After a group of Chechen rebels took about 700 people hostage in a Moscow theater in October 2002, an enraged Putin called for a harsh new anti-terrorist law. Among the provisions of the new law, the corpses of terrorists will not be returned to their relatives for burial. The relatives of the terrorists killed in Moscow and at the school in Beslan, North Ossetia, in September 2004 had no choice but to accept the policy. In Chechnya, if government agents kill a militant, his relatives try to get his body through bribery.

    But now the body-disposal issue has reached a fever pitch in Kabardino-Balkaria. The problem has two aspects. First, relatives of confirmed participants cannot accept the idea that they will never see the bodies and graves of their loved ones. Second, and more heartbreaking, the authorities classified innocent civilians killed in the crossfire as rebels, so their corpses will not be released either.

    The authorities appear to be using the corpses of bystanders to inflate the number of “insurgents” killed in the raid. Putin claims that 93 gunmen were killed and 40 arrested in Nalchik (newru.com, November 2).

    The official body count began to rise immediately following Putin’s order to eliminate all of the attackers in Nalchik and seal the city. However, this order came around 1 pm, when most of the rebels had already escaped. Chechen warlord Shamil Basaev, who masterminded the operation in Nalchik, issued a statement saying that the rebels attacked military and police facilities at 9:14 am and finished the operation by 11:15 am (Kavkazcenter, October 15). Independent sources, eyewitnesses, and journalists confirmed this timeline.

    Regnum news agency (October 13) reported that the situation in the center of Nalchik had started to normalize by noon. Jamestown sources in Kabardino-Balkaria also said that gunfire moved to the city outskirts in the afternoon and became significantly less intense (see EDM, October 14). There were some pockets of resistance left in the city, but not more than 10 wounded militants who could not retreat.

    It seems improbable that the number of dead rebels — only 20 by noon according to officials — could jump to 61 in just two hours and then to more than 90 by the next morning (grani.ru, October 17). Izvestiya reported that while many of the dead looked like guerillas who hide in the mountains should look: with sunburned faces and muddy hands, other victims looked quite civilized, with white socks and clean clothes (Izvestiya, October 17). Many analysts have concluded that the “militants” in clean clothes were really innocent civilians.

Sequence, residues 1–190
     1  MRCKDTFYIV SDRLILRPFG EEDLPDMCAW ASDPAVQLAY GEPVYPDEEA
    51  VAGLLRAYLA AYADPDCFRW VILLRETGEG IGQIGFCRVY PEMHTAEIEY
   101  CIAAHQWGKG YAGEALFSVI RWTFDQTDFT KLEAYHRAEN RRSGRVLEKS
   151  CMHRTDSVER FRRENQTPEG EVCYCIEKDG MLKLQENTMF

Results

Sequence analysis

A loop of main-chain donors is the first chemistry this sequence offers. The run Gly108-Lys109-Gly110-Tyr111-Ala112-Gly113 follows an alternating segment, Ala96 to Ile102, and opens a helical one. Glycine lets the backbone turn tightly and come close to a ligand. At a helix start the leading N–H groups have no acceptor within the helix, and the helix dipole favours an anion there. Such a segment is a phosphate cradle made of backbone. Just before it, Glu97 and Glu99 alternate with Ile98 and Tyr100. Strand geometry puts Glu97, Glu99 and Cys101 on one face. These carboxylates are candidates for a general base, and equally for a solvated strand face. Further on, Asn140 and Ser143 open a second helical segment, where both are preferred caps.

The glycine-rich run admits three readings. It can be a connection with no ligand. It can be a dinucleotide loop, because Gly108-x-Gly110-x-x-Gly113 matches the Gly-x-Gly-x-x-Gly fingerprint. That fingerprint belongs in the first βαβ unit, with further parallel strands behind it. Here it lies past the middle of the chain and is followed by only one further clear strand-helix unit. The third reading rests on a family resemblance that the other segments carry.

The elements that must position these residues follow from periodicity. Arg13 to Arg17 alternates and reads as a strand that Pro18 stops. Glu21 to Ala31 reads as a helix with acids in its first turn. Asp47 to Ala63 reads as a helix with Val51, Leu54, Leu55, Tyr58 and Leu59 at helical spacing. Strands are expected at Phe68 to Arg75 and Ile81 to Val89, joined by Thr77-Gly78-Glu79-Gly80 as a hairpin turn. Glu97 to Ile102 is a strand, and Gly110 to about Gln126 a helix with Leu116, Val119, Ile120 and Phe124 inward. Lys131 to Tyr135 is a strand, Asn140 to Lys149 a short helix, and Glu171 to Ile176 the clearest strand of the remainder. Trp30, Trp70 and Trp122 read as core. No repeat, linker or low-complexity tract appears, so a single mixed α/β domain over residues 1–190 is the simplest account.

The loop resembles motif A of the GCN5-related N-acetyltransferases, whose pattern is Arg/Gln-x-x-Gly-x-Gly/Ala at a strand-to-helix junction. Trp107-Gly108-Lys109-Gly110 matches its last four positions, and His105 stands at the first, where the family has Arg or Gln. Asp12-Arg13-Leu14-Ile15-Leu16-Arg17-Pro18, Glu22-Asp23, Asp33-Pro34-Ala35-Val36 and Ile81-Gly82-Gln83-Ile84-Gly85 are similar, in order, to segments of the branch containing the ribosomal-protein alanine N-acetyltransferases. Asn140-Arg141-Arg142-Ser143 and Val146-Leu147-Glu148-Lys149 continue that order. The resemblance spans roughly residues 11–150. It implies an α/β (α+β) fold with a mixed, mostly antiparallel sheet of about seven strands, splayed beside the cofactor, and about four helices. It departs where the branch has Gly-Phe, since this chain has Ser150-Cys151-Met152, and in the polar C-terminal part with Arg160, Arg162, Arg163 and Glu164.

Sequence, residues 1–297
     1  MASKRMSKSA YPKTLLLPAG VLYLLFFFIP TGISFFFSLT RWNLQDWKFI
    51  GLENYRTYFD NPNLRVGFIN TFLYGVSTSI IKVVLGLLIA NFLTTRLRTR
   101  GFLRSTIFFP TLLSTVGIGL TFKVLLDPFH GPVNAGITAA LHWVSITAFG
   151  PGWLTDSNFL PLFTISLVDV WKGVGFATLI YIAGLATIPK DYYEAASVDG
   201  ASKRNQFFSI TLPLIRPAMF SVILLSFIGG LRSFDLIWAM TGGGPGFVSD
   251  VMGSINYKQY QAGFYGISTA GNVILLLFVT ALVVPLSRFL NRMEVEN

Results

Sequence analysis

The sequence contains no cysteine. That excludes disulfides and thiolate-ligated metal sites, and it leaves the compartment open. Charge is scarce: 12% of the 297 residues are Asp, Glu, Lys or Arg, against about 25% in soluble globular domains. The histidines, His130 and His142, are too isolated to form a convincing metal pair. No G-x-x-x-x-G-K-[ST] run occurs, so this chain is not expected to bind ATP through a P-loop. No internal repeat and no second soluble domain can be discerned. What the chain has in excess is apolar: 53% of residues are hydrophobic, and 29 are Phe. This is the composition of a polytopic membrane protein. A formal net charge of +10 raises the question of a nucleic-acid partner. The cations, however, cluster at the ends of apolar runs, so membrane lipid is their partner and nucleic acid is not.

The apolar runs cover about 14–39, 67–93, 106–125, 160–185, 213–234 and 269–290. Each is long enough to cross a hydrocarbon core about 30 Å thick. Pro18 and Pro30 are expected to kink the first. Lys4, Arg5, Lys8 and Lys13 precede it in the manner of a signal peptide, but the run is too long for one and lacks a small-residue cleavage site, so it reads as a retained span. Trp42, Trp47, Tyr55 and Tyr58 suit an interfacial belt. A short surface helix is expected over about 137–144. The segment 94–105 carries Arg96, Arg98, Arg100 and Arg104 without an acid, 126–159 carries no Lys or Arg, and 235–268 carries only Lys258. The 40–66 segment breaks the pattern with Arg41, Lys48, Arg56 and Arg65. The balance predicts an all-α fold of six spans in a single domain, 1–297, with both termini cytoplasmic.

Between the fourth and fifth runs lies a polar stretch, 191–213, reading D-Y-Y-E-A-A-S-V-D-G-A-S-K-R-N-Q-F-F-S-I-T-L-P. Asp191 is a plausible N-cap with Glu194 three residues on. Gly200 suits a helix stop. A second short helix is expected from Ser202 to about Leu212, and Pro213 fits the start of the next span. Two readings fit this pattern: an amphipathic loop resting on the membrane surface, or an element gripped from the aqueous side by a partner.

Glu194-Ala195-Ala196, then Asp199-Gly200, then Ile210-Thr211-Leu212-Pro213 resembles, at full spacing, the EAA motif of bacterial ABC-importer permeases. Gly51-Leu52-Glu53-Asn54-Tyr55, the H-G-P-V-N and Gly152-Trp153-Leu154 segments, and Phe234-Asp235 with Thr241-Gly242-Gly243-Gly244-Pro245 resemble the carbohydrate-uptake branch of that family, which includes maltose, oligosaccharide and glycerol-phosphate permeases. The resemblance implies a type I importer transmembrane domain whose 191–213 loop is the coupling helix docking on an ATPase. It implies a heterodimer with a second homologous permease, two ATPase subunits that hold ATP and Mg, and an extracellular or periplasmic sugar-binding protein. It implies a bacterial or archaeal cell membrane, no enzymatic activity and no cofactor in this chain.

Numerous stories are circulating about civilians killed in crossfire and then labeled as gunmen. Arsen Kanokov, president of Kabardino-Balkaria, told Novaya gazeta (October 31) that there were 20 civilians among the dead whom the authorities had classified as rebels. Fatima Tlisova from Associated Press reported about a list of 40 persons who were accidentally killed in the fighting, but this is also not the final count. Azret Mechukov, the chief forensic expert of Kabardino-Balkaria, told Moskovsky komsomolets that there were only 28 gunmen in the city’s morgue by October 14 (Moskovsky komsomolets, October 15).

    On October 21, the authorities announced that they had identified the bodies of 26 rebels, while the other 10 were so burned that DNA testing would be necessary. Yet at the same time, the officials declared they had 87 unidentified corpses in the morgue (Kavkazsky Uzel, October 21). This statement was made eight days after the raid, but even now there is no information about the pace of the identification process. It looks suspicious, especially, as journalist Anna Politkovskaya told Ekho Moskvy radio, the corpses were not refrigerated and rapidly decomposing (Ekho Moskvy, October 29).

    It seems likely that the 26 identified rebels and the 10 burned bodies were actual insurgents. The 10 were the wounded rebels who could not leave the city; Special Forces destroyed their hiding places and with flame-throwers and grenades. Together this accounts for 36 rebels killed in the raid, and if the one gunman who was taken prisoner is added the total is 37 rebels — exactly the number of rebel casualties confirmed by the insurgency (Kavkazcenter, October 24).

    But if the real number of insurgents is only 37, who are the other dead? The most logical answer is that the others are civilians labeled as rebels to allow Russian troops to claim victory in Nalchik on October 13. Under this scenario it is understandable why the authorities have stored the corpses in refrigerators without electricity. They need to make the corpses unrecognizable as soon as possible.

  6. So, do you really still think the Olympics will be safe…?

    • It’s still nothing in KK (as it always been) and it’s still several years until 2014.

      But this summer there are new and troubling trends in the insurgency:
      -return of the shahid bombings (before this there were only 2 since 2004)
      -selective targeting of local unarmed civilians for murder